The James Purdy Society

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Synopses of James Purdy's Works,

with Performance Notes


Gertrude of Stoney Island Avenue



An older  woman, age 60,  married to a strong and upright businessman   (retired from real estate and some ten years older) is unable to sleep at night and is having even more trouble in the daytime hours.  She can think only of her daughter Gertrude, a famous painter who has died.  Alienated and estranged from Gertrude when she was alive, Carrie discovers that she never knew her own daughter and even worse she allowed herself to be kept in the dark about her daughter’s very different life.  Her husband thought it would be too much for her to bear.

She finds hidden in her husband’s study one of her daughter’s record books.  She begins to go out alone and in secret to all the spiffy  restaurants in Chicago’s ‘loop’ all the ones her daughter used to frequent and eats gooseberry pie, her daughter’s favorite dessert.

They are visited by her husband’s sister, an international adventuress and cosmopolitan of indeterminate age, who begins to work on Carrie and continues the makeover both physically and mentally.

Carrie, on one of her secret excursions to the study attempting to uncover more of Gertrude’s record books or private diaries, finds that her husband has been compiling what he has titled The Forgotten Items of America: 10.000 pages of words, phrases, anecdotes, famous people, events now forgotten.  She later discovers that he has been working on this special project for decades.  Not only did she never know her daughter, she never knew her husband.

Seeing she is in even further emotional turmoil her husband arranges for her to stay a while in the house of Evelyn Mae, a powerful woman with an eccentric character.  She is a professor of literature at the university and an authority on Edmund Spencer.  She is also in possession of a mansion where she entertains with live chamber music, twin player pianos, poetry readings and galas of every kind.  Evelyn Mae furthers Carrie on her road to an independent character.  She feels Carrie is like Demeter who descends into Hades in search of her lost daughter, Persephone.

Carrie is then introduced to a close friend of her daughter, young Cy Mellerick, who is able to take her to the haunts her daughter frequented.  They visit the drinking places and jazz clubs and deserted sections of the park where Gertrude found solace.  Carrie sees a side of Chicago she never knew existed.

As she sees deeper into her daughter's unhappiness she also learns that she herself is a woman who never has felt what it is to be alive. And that this had contributed to her daughter’s insatiable hunger.

She is finally brave enough to visit her daughter’s ruined brownstone where she painted her last works.  Seeing her bed and hearing the story of her death from Cy Mellerick, who was with her at the end, has a desperate effect on Carrie.  She wanders into another room and is shocked to see a life sized portrait of her daughter.  Gertrude seems to be staring straight at her.  She feels her daughter imparts a message to her.  It is far too consuming for her and she collapses, unconscious.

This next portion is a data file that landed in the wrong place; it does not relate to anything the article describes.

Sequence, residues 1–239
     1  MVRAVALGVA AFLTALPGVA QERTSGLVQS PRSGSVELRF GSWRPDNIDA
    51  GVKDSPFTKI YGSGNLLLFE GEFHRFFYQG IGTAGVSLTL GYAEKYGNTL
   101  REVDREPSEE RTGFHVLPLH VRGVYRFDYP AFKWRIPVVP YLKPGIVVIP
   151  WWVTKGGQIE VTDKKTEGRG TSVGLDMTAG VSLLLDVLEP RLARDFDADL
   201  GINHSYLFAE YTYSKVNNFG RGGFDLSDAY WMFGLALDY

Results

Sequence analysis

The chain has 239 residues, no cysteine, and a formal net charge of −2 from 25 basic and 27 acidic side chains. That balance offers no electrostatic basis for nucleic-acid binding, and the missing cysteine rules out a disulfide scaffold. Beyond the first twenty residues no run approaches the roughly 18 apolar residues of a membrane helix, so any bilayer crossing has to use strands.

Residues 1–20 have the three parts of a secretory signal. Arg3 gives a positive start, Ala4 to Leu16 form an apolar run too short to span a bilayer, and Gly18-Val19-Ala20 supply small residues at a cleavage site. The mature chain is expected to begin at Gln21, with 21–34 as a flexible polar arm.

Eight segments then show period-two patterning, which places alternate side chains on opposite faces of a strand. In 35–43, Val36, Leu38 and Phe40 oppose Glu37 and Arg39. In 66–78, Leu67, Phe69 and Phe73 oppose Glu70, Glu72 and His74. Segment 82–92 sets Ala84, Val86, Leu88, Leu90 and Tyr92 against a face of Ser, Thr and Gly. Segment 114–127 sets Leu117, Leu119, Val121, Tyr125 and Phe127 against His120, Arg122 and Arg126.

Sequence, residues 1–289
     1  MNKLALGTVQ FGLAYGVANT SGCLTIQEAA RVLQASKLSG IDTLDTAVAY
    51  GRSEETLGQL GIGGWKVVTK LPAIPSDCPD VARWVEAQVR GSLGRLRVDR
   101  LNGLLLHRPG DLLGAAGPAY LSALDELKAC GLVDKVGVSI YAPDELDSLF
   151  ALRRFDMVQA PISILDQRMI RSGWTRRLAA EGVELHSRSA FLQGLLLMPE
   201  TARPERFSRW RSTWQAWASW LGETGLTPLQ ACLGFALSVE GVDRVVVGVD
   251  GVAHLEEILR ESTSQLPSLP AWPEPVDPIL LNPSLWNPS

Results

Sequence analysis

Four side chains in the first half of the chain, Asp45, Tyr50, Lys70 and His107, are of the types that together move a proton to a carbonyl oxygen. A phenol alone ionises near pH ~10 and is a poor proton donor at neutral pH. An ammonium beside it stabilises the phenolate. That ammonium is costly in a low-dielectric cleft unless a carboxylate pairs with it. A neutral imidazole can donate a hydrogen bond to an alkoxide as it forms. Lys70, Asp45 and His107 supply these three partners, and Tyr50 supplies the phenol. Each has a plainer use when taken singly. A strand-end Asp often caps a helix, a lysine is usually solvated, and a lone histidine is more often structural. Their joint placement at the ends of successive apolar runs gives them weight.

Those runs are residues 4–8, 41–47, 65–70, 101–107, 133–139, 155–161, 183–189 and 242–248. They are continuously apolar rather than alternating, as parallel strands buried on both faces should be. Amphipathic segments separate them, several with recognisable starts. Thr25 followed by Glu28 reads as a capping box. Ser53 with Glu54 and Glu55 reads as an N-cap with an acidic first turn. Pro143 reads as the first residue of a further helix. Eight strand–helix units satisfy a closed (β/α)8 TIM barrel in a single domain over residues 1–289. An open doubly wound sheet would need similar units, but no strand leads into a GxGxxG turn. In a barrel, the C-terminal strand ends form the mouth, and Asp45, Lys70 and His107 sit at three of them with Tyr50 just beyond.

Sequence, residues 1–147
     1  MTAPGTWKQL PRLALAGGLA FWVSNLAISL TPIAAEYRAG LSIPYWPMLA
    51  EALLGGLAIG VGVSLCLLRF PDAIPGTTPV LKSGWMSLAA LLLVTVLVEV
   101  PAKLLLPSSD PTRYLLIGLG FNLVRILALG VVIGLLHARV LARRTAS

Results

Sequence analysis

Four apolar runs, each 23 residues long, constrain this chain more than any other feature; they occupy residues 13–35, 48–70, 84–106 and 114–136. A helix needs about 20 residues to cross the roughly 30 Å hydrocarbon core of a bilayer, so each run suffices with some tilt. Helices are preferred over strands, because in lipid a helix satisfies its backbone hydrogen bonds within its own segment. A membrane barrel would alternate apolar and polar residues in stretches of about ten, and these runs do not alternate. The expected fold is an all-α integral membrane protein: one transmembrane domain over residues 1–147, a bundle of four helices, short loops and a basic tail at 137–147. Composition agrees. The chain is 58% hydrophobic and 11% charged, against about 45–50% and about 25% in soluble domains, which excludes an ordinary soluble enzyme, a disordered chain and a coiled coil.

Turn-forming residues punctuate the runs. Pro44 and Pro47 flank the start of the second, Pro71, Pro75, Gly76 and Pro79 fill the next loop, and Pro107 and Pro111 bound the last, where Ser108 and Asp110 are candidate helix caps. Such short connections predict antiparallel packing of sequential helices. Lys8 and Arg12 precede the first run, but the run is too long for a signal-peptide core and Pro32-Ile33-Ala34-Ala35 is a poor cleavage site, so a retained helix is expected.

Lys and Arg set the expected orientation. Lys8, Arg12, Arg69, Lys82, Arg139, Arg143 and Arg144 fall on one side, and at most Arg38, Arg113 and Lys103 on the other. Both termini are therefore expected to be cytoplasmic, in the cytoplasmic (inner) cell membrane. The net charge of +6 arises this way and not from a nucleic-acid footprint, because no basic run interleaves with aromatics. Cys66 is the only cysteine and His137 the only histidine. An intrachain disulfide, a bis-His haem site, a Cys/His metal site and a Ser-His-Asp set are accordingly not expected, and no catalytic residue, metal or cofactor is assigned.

Tryphena Eastlake, one of the first female doctors in that part of the country, now all but retired, is enlisted to try to pull Carrie through.  Carrie’s husband wants to institutionalize her but is no match for Evelyn Mae who will not even allow him to see her.

Tryphena, another independent and eccentric woman, has taken up the study of herbs and elixirs.  She goes to work on Carrie with a two pronged approach.  She tries to bring her back to some kind of physical calm with her knowledge of Eastern medicine and ease her mind with the stories of her own life.

It is her son, though a womanizer, gambler and drinker who with the story of Yolanda, his first wife, a young girl from the Mayfair circle in England, that snaps Carrie back.  With the story of this young girl, Carrie is able to form some kind of personal identification and begins to pull herself out into complete recovery.

As she returns to her husband it is not the same Carrie but someone stronger.  Someone committed to being alive.  She will stay with him so long as her new character is never diminished.

Setting:  Chicago, 1950’s.

Great Female Roles. (Jessica Lange or a younger  Julie Harris type or older Juliet Stevenson type for Carrie, and Judi Dench,  Maggie Smith,   types for the sister in law,  Evelyn Mae and the doctor – in other days Kim Stanley, Geraldine Page, Maureen Stapleton )

Great male roles.   The older husband:  A Jason Robards Jr., Sean Connery, Paul Scofield type.

Young Male lead:  Montgomery Clift type

This novel is written in the first person as if it were a diary.  It focuses on her thought process and then goes into active scenes with dialogue.  It is perfect for adaptation to film, using Carrie to narrate her thoughts and cutting to scenes that are already in dialogue form.


This is a timely subject and will have tremendous appeal to women of every type and age.  It has a strong punch intermixed with humor and the outrageous.  It has a warm ending.


It also has tour de force parts for older women and  could be cast with four of  the great older character actresses of our time making it an event and strengthening its appeal.  A British or American cast can be used.





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